Look at the war issue, how people looked at it and how people disregard it

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jamie-wheeler's profile pic

Posted on (Answer #1)

I agree with the analysis here at eNotes regarding war. The author of this article argues that the people in Montag's society have become so apathetic and passive in all things that not even war can stir them from their near zombie-like existence.

Here is the excerpt from eNotes. You can find out more about this theme and others, as well as other literary elements, by visitng the link below.

"By portraying many characters as passive figures who never even wonder about their lot in life, Fahrenheit 451 seems to imply that apathy is a very important element in the decline of Montag's society. Millie is content to receive whatever "entertainment" that comes from her television, unable to distinguish between programs that are numbing in their sameness. She has no real concept of what the coming war might mean to her—she only worries it might interrupt her precious television programs—and her friends are similarly unconcerned. Montag's colleagues laugh at him when he wonders aloud about the history of the firemen, and are satisfied with the reasons provided in their handbooks The only action these characters take is to maintain the status quo—the way things are. In contrast, Clarisse, Montag, and Faber are individuals who wonder about their world and, in the case of Montag and Faber, are able to make attempts to change things. Even the book people who live outside of society are eventually able to take action, for after the destruction of the city it is implied they are the ones who will help rebuild the world. "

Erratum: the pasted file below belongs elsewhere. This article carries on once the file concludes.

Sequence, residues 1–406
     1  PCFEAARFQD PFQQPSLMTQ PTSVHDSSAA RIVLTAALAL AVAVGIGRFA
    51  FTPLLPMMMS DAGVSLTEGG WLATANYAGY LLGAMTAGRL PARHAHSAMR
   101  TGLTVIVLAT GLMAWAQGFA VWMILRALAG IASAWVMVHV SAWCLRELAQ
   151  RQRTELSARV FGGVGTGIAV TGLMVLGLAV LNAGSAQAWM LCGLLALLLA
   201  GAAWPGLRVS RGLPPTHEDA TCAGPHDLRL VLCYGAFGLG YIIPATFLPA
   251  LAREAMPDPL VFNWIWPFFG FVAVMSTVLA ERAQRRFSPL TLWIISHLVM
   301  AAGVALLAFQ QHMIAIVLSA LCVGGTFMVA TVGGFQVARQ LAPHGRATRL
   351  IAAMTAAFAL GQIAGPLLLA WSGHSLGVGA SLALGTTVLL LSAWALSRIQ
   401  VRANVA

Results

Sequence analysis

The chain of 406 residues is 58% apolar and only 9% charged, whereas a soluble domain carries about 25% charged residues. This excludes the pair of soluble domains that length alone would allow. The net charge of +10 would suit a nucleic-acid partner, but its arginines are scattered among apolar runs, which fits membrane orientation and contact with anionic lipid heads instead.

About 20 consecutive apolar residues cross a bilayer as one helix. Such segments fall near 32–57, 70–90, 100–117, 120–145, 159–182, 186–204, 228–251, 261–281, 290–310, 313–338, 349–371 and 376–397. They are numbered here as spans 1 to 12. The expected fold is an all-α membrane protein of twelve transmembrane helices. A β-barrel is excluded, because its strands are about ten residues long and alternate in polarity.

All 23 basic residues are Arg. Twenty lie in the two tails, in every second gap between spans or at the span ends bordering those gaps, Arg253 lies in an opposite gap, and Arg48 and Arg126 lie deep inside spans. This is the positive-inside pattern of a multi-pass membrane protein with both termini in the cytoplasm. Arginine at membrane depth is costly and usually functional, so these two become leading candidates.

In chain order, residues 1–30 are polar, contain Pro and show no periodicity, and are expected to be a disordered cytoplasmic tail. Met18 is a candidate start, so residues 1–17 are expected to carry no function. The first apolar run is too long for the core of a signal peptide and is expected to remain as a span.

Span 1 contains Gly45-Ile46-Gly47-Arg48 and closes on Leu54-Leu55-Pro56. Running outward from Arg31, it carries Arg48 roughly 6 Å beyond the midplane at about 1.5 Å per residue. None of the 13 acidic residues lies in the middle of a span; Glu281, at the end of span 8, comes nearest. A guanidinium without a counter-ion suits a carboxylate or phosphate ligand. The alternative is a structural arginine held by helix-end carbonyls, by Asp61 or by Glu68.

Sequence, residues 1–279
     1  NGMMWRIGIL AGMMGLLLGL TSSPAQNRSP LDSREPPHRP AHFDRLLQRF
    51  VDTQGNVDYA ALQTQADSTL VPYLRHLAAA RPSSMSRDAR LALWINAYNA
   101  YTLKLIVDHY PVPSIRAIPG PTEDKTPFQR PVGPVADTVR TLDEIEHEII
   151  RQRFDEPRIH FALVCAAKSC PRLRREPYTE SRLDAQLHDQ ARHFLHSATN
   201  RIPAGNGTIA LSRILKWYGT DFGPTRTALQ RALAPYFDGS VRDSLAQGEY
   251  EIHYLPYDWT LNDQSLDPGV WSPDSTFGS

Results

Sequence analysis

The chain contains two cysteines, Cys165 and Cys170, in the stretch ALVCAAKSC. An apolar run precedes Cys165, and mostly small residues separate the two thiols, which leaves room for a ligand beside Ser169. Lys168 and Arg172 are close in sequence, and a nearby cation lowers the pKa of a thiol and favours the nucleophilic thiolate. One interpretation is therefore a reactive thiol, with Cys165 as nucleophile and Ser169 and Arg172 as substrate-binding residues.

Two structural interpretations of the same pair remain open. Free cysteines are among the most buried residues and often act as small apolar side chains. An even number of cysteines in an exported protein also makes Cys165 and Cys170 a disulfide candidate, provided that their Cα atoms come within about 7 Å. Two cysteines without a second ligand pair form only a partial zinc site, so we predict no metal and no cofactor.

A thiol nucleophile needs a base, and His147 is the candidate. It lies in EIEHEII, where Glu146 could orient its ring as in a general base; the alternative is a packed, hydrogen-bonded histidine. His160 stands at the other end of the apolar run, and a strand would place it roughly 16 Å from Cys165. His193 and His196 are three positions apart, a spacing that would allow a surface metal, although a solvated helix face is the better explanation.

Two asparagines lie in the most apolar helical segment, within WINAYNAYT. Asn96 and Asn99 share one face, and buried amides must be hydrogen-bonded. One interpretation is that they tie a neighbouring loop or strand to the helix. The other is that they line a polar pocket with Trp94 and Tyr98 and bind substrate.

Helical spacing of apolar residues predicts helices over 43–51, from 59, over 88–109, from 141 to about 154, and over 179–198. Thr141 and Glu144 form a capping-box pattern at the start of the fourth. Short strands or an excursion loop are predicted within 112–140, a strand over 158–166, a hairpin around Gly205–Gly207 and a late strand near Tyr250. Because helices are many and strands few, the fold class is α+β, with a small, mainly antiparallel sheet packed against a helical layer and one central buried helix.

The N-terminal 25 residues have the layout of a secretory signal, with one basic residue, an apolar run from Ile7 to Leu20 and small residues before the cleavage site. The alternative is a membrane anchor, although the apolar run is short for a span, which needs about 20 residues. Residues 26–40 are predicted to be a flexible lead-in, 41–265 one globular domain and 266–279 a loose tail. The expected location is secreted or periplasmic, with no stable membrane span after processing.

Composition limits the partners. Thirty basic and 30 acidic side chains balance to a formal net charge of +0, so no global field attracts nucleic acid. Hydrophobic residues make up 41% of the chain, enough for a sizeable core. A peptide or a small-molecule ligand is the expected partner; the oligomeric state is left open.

daveb's profile pic

Posted on (Answer #2)

I think it is also worth mentioning that apathy may be just one way to phrase it. For instance, apathy assumes that there is a choice to be made, and the person or people in question are too lazy to make it. In Fahrenheit, I sense something similar to 1984; people are so obsessed with something (in Fahrenheit, it's entertainment, in 1984, it's the party line) that all else loses value. Do Montag and his wife have sex? Montag saves her, so he must care for her...but what else do we see that says that he cares?

It's possible that war is kept in the background, purposely hidden, until it can't be anymore. In the case of Fahrenheit, that's when the bombs dropped.

Dave Becker

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